-Nicolas Solis

BENNY’S TRUE COLORS (November 17, 2020)

is an amalgamation of these two ideas: 1) I wanted to write about a small brown bat who every night roosted in our brick entryway instead of flying around eating bugs like all the other bats , and 2) I wanted to write about assumptions and judgements made about people based on their outward appearance.

-Norene Paulson

Sita Singh was born and raised in India, and moved to the United States in 1999. She currently lives in South Florida with her husband, three children, and an immensely cute and curious dog. An architect in the past, Sita now enjoys writing heartwarming picture books with a South Asian backdrop. When Sita isn’t reading or writing, she can be found trying new recipes in the kitchen, experimenting with food photography, walking with the dog, or movie marathoning with the family. Her debut picture book, Birds Of A Feather, illustrated by Stephanie Fizer Coleman, will be published on March 2nd, 2021 by Philomel Books. Find out more about Sita on and connect with her on Instagram and Twitter @sitawrites.

Sita is giving away a copy of BIRDS OF A FEATHER.

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by Vicky Fang

Every single one of my books came from a mix-up of ideas. So here are some exercises to help you mix it up, mash it up, and make something new.

Exercise 1: The Content Mix-up

I keep a running list of ideas on my phone. Just little snippets of words to remind me of things I’ve thought about. Every once in a while, I’ll browse through the ideas and boom! Two ideas will mix together like peanut butter and chocolate and I’ll savor my delicious new story idea. I often find that mixing two different book ideas gives a story the depth it needed to make it stand up. My debut picture book INVENT-A-PET came from these two separate idea snippets smushed together: “Magnificent mixing machine” and “Mixed-up animals.”

So try it out!

  • Find your list of ideas or spend a few minutes brainstorming a new one (these could be character ideas, story ideas, title ideas, etc.)
  • Read through the list and let your brain spark at combination possibilities.
  • For even more ideas, try picking two at random and sit with the combination for a moment to spark new ideas!

Exercise 2: The Format Mix-up

This is perhaps the more unusual mix-up approach, and yet one that has been very fruitful for me. I started out writing picture books, but as I learned more about other formats, those formats mixed with my existing picture book ideas and grew into new stories. After writing and selling Invent-a-Pet, I wrote a chapter book series, a board book series, and a graphic novel series—all based on ideas that were originally picture books!

Here’s how I recommend doing a format mix-up:

  • Start with a new-to-you format that’s fairly close to your comfort zone. (You can always expand from there!) Research and read several books in this category.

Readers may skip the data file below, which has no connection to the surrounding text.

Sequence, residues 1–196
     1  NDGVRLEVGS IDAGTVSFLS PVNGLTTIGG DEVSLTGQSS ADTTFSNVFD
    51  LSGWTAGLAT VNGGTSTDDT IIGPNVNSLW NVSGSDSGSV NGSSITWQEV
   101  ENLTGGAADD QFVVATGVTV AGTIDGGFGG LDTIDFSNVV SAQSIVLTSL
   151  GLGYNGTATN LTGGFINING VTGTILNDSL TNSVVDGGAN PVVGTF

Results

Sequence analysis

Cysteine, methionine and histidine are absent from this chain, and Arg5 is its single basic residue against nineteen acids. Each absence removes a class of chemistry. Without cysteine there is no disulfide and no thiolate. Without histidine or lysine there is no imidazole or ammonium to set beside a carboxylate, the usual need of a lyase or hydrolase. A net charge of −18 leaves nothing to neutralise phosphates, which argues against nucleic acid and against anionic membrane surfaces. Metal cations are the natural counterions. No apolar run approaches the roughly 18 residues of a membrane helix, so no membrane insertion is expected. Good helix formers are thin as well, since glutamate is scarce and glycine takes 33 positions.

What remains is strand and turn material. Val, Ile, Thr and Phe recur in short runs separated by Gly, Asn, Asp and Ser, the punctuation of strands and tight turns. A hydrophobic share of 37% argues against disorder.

• Notice the differences in story and theme from picture books. What are the advantages of the format? What types of stories work well in the format? What kind of voice works well?
  • Mix it up with your list of picture book ideas! Think about how those format differences might make a lackluster picture book idea shine.

For example, when my agent suggested I try out an early chapter book format, I read a number of Scholastic Branches books to familiarize myself. This new-to-me fully illustrated format allowed for a slightly longer word count, allowing for a more complex plot and cast of characters—which was just what I needed to evolve an old picture book idea about collaborative robots. With a little format mixing, the idea became the LAYLA AND THE BOTS series!

I can share similar stories for my I CAN CODE board books (a picture book concept turned board book by an SCBWI workshop and a wonderful critique partner) and my upcoming early graphic novel FRIENDBOTS (a picture book concept turned comic book sparked by books like Ben Clanton’s NARWHAL AND JELLY.)

So I hope you’ll try some mixing and mashing of content and formats, and find yourself some new stories in the mix!

Vicky Fang is a product designer who spent 5 years designing kids’ technology experiences for both Google and Intel, often to inspire and empower kids in coding and technology. She started writing to support the growing need for early coding education, particularly for girls and kids of color. She is the author of nine new and upcoming STEAM books for kids, including INVENT-A-PET, I CAN CODE, LAYLA AND THE BOTS, and her author-illustrator debut, FRIENDBOTS.

Find out more about Vicky by following her on Twitter at @fangmous and if you’d like to stay up to date on Vicky’s book news, giveaways, and activities, sign up for her newsletter at

Vicky is giving away a copy of INVENT-A-PET and a copy of LAYLA AND THE BOTS: HAPPY PAWS.

Two separate winners will be randomly selected.

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You’re eligible to win if you’re a registered Storystorm participant and you have commented once below.